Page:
Monday, 21 May 2012

Reflections on Old Testament Law and History #1

In my reading of the Law and History this semester, I observed the plan of God to choose, save, bless and judge his people announced and demonstrated. Yet the process of reading entire books over several days focussed my attention on smaller patterns. This week I'm posting a series on my observations and thoughts on how these apply to the way I understand the Bible and apply it to my life, most of which made it to my final "reflective essay" for my Old Testament Foundations lecturer.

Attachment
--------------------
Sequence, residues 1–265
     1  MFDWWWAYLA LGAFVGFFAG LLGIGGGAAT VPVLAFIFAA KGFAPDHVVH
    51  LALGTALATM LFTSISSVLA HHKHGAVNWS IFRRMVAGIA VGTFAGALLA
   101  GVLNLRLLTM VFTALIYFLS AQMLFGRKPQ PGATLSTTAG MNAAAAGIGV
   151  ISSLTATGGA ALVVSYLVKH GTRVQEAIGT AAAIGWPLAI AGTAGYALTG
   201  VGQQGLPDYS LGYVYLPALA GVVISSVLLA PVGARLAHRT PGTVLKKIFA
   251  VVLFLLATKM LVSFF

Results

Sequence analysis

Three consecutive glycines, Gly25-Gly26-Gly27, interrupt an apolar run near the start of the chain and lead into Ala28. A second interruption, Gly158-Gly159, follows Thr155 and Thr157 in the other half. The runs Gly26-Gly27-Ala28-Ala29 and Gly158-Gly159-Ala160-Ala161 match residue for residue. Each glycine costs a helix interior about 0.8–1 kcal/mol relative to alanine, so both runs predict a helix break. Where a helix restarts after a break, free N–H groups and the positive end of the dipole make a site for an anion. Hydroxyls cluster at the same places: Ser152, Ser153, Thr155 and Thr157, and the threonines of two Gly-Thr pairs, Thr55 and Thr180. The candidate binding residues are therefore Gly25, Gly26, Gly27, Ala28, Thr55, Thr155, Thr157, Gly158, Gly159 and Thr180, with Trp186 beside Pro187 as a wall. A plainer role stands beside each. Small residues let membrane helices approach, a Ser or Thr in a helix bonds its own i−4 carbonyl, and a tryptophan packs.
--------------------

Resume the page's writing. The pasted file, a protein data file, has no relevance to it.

I observed similarities in the events leading up to the marriages of Isaac to Rebekah (Gen. 24:10-51), Jacob to Rachel (Gen. 29:1-20) and Moses to Zipporah (Exod. 2:15-21): each bride was met at a well while watering her family’s flock. While the community well may have been merely a convenient place to meet people, Genesis 24 emphasises God’s sovereignty in providing a suitable wife. This clarifies the nature of Abraham’s descendants as God’s chosen people. Furthermore, perhaps the author of Exodus included this event to demonstrate continuity between the patriarchs and Moses. Moses also replicates Joseph’s marriage, marrying the daughter of a foreign priest (Gen. 41:45; Exod. 3:1; 18:1), again strengthening his connection to the forefathers. These similarities suggest that the author of Exodus was at least aware of Genesis, if not its author.

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